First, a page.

Wednesday, July 28, 2010
Advertisements, models, video clips, super star, clothes, fashion, makeup, magazines, internet, these are all pressures that little girls, teenagers and women have to live with every day. We always had a preoccupation for bodily perfection, children soon begin to perceive that things like nudity, sexual promiscuity and backstabbing to get ahead are okay. If girls are not like these women that we see in pictures, guys are not going to go out with them, they will be unpopular and they are not going to have a friend, that’s what companies try to make them believed. They are there to make money and girls are the perfect costumers. If the ad is interesting and will make them young or beautiful, they will believe what they will see and hear in the advertisements.
All these influences bring little girls to a hyper sexualisation that they don’t need. “Children now use sexually explicit talk as casually as they used to discuss the latest songs or fads. It's very difficult to countermand such tidal trends. Yes, we can turn off T.V., but to me, that's simply running away from a very difficult situation, rather than hitting it head on. We as a society need to examine our own shallow value system that places the acquisition of "things" over humanity.” said Candida Eittreim, an author that published The Waterbug, Internet Safety, Beginning Gardening Online Educator-Suite101 University since 2002, in one of her articles The Hypersexualisation of America, in 2005. This is not a new problem; girls really think that they have to look like a model to be appreciated by boys. Theses fixations can bring health problems. Girls will try to lose weight like their favourite super star. They see that everywhere in the magazines and on Internet. This situation can go too far; anorexia and bulimia. Have you ever seen a model in a fashion show? They are skeletal because if their weigh is not under 100 pounds they are not going to be choose, but at this point is not the health more important than the fashion? According to Anorexia Nervosa and Related Eating Disorders, without treatment, up to 20% of people with serious eating disorders die. With treatment, 3% of people with anorexia die. “Statistics on anorexia show that mortality rates from anorexia are the highest of any psychological disorder.”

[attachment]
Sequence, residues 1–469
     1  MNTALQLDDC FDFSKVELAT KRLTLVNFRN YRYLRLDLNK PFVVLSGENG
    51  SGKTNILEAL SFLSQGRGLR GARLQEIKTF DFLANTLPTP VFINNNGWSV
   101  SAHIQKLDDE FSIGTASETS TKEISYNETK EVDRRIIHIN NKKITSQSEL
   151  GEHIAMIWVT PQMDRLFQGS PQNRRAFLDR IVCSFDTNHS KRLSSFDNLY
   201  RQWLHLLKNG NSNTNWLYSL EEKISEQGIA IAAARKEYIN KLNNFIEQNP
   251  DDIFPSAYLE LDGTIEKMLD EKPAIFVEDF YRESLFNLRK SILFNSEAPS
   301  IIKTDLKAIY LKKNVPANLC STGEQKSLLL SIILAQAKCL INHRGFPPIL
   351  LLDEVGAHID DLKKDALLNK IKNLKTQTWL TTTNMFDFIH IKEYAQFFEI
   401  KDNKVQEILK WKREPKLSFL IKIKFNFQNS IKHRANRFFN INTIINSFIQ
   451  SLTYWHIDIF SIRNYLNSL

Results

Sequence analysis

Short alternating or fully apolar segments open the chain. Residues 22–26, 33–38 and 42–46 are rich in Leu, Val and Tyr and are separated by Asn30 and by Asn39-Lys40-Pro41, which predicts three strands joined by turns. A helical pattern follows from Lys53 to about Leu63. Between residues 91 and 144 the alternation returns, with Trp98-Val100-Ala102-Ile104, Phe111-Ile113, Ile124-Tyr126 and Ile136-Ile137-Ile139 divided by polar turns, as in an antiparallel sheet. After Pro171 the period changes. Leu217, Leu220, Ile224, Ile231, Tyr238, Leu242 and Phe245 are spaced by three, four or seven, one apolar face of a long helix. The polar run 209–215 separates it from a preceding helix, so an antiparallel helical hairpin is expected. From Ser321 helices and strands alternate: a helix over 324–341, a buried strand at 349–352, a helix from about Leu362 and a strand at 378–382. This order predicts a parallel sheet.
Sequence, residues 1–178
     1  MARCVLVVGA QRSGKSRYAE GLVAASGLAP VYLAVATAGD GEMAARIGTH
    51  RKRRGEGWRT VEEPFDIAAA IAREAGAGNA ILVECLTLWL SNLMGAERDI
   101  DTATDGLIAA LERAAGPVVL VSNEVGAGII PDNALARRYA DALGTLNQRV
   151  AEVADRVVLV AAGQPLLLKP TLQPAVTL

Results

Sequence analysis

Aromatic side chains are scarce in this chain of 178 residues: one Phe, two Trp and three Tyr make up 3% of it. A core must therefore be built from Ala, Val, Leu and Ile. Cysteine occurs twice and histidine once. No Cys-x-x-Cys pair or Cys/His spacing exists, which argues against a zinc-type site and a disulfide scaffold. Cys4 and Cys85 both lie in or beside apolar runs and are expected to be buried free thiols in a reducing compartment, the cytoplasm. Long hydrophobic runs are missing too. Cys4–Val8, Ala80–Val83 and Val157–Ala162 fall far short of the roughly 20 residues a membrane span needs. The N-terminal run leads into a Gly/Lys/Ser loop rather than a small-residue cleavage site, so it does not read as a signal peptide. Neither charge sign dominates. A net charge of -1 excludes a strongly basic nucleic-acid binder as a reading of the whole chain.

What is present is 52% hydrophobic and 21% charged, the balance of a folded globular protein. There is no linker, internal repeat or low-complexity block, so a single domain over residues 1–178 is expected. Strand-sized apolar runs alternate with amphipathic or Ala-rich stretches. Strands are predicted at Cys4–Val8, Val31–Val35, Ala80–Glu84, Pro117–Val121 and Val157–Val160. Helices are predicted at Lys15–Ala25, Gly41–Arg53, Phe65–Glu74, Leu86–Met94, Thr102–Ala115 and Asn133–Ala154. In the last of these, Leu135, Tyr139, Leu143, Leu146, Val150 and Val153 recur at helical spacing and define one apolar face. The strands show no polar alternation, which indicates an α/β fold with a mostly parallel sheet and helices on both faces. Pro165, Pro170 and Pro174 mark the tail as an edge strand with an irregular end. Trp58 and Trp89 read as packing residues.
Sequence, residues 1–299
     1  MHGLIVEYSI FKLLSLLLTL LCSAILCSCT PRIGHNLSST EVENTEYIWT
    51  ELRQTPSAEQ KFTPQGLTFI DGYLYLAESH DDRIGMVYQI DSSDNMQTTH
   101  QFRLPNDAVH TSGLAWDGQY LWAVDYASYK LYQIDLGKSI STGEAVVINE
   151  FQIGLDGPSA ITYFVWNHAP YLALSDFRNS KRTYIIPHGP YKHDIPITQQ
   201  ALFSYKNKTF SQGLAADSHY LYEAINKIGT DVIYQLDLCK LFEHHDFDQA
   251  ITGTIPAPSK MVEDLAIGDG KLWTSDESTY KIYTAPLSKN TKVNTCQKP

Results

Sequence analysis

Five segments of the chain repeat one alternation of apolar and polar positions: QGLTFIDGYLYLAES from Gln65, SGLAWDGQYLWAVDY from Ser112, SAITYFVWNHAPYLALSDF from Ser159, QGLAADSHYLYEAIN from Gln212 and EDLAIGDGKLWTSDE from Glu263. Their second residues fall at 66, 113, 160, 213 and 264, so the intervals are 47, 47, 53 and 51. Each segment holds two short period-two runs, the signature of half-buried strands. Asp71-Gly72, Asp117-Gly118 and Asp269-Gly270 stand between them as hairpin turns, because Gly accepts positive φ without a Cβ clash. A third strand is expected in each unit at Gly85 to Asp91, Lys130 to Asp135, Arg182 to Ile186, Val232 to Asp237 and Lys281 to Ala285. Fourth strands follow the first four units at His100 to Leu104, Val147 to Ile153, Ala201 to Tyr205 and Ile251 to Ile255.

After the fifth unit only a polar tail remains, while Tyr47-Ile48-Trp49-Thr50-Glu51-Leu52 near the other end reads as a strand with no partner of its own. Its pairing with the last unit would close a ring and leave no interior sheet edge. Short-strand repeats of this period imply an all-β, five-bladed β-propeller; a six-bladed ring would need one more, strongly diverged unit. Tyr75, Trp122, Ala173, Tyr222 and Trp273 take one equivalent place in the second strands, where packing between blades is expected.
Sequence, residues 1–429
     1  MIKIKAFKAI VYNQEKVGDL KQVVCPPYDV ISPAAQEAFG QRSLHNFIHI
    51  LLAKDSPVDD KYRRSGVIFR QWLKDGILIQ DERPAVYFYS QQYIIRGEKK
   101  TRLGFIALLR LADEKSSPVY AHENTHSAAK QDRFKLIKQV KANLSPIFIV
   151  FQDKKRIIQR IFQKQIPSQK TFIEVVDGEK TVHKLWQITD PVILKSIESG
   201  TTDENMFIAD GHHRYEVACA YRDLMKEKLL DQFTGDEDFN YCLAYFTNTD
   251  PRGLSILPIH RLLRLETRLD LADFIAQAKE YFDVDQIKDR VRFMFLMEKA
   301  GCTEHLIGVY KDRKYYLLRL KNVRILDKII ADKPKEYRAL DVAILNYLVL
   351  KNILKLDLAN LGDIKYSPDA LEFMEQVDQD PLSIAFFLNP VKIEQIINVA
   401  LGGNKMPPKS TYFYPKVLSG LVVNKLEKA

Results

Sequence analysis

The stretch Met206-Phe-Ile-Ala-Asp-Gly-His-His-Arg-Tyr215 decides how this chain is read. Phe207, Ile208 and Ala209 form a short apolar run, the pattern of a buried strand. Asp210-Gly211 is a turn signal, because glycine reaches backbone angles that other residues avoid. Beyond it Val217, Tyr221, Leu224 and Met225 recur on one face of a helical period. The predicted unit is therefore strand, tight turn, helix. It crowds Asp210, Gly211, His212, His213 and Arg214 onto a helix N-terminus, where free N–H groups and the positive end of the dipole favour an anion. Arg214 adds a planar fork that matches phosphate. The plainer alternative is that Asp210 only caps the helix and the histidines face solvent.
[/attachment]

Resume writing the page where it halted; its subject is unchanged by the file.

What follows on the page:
We don’t have to forget that all these pictures and videos are modified with the new technology like Photoshop, that’s not the reality. We have to encourage projects like Dove. Have you ever seen “Dove evolution” on YouTube? Or project like Pro-Ana which refers to the promotion of anorexia nervosa as a lifestyle choice rather than an eating disorder. We must stop placing such stress on body image and start emphasing character traits like integrity and honesty. It’s time for a change; women don’t have to live with this pressure but just be who they are at their natural.
Words by Marie-Ève Carrière; photos by Jennifer L’Homme